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I have to compute the cross-correlation between two transient signals, which could be decomposed into a trend (with non-zero mean value) + noise.

In particular I am interested in the max of the cross-correlation.

It seems that in MATLAB the cross-correlation is more accurate if it is calculated using the function xcov() rather then xcorr(), probably as a consequence of the fact that the function xcov() removes the mean value of the signal.

An example of two signals between which I would have to measure similarity can be this one:

enter image description here

Do you know if this makes sense and why?

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    $\begingroup$ covariance and correlation are simply two different things – if you want one, then you don't want the other and vice versa. What is it that you need this for? That defines which you want. $\endgroup$ – Marcus Müller Nov 19 '20 at 23:11
  • $\begingroup$ I'd like to compute the max of the cross-correlation as a measure of similarity between the two signals $\endgroup$ – EmThorns Nov 20 '20 at 0:17
  • $\begingroup$ then, the correlation is indeed what you want, otherwise high-variance signals have a high chance of showing an exceedingly large metric $\endgroup$ – Marcus Müller Nov 20 '20 at 9:19
  • $\begingroup$ I agree. But do I have to remove the mean value to optimize the MATLAB routine? If I don't do that, I have a case in which the max of the cross-correlation of two slightly different signals (but not identical) computed with xcorr is higher then the max value of the auto-correlation (so in this case the two signals are identical), still computed using xcorr,. This doesn't make sense to me. If I remove the mean value, this doesn't happen. Does this depend on the MATLAB algorithm? $\endgroup$ – EmThorns Nov 20 '20 at 13:14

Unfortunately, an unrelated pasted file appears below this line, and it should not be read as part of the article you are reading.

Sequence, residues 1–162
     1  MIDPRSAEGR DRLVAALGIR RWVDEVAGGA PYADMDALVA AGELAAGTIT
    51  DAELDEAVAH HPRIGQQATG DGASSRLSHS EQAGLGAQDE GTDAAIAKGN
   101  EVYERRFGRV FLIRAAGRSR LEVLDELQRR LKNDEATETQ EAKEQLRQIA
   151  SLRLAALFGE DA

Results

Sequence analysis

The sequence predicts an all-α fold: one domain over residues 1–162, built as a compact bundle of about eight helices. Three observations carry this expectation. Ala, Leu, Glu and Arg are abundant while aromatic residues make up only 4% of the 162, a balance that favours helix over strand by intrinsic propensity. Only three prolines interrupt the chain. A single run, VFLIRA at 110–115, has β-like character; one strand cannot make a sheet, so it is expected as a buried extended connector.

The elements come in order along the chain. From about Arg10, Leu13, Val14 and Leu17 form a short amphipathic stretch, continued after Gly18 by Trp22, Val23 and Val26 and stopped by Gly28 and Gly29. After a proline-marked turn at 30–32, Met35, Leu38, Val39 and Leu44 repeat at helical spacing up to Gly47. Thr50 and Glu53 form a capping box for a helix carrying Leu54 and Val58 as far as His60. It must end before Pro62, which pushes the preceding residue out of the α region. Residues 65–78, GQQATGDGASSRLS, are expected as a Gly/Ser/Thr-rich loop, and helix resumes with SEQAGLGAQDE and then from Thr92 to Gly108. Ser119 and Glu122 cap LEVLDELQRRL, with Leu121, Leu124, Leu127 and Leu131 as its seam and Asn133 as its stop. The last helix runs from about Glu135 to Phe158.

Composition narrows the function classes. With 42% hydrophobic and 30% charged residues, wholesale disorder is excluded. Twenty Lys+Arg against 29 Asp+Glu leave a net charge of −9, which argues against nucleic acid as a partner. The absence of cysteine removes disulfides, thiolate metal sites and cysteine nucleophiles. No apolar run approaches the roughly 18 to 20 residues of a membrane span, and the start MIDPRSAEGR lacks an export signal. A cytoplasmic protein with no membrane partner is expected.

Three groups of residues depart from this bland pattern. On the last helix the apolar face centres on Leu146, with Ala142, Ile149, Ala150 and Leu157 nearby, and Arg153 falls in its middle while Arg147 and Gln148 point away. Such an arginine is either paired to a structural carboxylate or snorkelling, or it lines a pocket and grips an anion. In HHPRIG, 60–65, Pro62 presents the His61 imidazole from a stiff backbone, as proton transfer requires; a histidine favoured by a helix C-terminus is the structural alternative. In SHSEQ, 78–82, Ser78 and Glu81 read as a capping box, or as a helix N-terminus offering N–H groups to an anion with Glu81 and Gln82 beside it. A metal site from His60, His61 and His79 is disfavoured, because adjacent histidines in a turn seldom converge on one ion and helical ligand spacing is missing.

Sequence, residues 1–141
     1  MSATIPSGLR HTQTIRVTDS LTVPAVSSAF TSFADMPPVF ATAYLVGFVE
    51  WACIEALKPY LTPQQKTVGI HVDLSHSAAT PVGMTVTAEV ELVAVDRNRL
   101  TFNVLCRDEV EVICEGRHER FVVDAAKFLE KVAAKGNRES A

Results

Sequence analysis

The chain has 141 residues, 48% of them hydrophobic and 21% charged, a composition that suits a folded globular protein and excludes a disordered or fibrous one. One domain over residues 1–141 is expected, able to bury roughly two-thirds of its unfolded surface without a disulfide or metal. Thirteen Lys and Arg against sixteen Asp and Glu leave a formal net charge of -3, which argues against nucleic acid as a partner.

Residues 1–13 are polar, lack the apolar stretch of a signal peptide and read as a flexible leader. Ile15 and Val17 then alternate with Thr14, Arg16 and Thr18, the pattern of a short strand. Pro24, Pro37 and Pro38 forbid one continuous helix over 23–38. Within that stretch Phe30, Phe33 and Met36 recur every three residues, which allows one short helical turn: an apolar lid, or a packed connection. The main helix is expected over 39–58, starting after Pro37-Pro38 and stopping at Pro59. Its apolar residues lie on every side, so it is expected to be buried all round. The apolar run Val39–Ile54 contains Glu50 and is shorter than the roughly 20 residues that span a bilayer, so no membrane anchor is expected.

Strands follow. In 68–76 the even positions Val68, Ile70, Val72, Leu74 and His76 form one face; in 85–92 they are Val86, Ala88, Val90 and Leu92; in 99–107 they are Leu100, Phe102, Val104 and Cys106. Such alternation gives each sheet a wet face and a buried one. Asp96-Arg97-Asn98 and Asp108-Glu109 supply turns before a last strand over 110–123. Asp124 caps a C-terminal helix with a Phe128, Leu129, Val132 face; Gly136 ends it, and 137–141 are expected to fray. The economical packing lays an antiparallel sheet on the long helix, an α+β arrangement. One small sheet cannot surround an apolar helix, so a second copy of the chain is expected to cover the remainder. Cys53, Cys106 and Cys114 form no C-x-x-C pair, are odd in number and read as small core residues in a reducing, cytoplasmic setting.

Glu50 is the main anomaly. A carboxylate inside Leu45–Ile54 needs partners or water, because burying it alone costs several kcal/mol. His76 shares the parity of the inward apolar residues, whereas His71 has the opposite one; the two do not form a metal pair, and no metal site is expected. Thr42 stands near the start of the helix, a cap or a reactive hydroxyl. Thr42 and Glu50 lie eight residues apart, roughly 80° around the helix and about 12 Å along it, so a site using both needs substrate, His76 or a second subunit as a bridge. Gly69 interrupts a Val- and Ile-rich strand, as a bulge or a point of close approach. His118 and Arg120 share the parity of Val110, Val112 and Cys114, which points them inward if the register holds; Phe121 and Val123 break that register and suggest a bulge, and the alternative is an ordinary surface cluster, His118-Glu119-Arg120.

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When trying to measure similarity between signals we're basically building a metric.
When doing so we need to ask what we want to be sensitive about.

For instance, if you don't remove the DC Component (The Mean) and use something like an integral to measure similarity (Correlation / Convolution based) then you are sensitive the added DC component.

For instance, take 2 random white noises and add to each a DC component of 1e6.
Measure their similarity by correlation and compare it to 2 Sine Waves with amplitude of 1e-3 and a relative shift phase of 1e-6 [Rad].
In your eyes, which should be more similar? Which is indeed?

I'd say that in most cases in signal processing, similarity should be measured ignoring the DC component.

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  • $\begingroup$ In my case, I don't have an actual DC components, because my signals are transients, so they represent the quick evolution of a variable. Do you think that the mean value should also be removed in this case? In this case, it is even hard to define a mean value, actually there is a trend + superimposed noise. In addition, I suspect that a mean value interferes with the MATLAB algorithm, which uses the FFT to compute the cross-correlation rapidly. Probably this algorithm is optimized for signals with a DC component (more or less constant in time) + zero-mean components/noise. What do you think? $\endgroup$ – EmThorns Nov 21 '20 at 11:46
  • $\begingroup$ I modified the question, to be more specific. $\endgroup$ – EmThorns Nov 21 '20 at 11:52
  • $\begingroup$ Is it like rise? Can you model it in a parametric model? $\endgroup$ – Royi Nov 21 '20 at 15:40
  • $\begingroup$ I think that the shape does not matter so much. As an example, you can imagine a ramp, a successive flat part with a pulse inside and then a descent ... with superimposed noise of course $\endgroup$ – EmThorns Nov 21 '20 at 15:54
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    $\begingroup$ DC Component in DSP is basically the Mean of a signal. Regarding to the white noises I wanted to show the case the Mean of 2 signals hides the fast they are basically so different. Hence it makes sense in most cases not to measure it. $\endgroup$ – Royi Nov 30 '20 at 5:43

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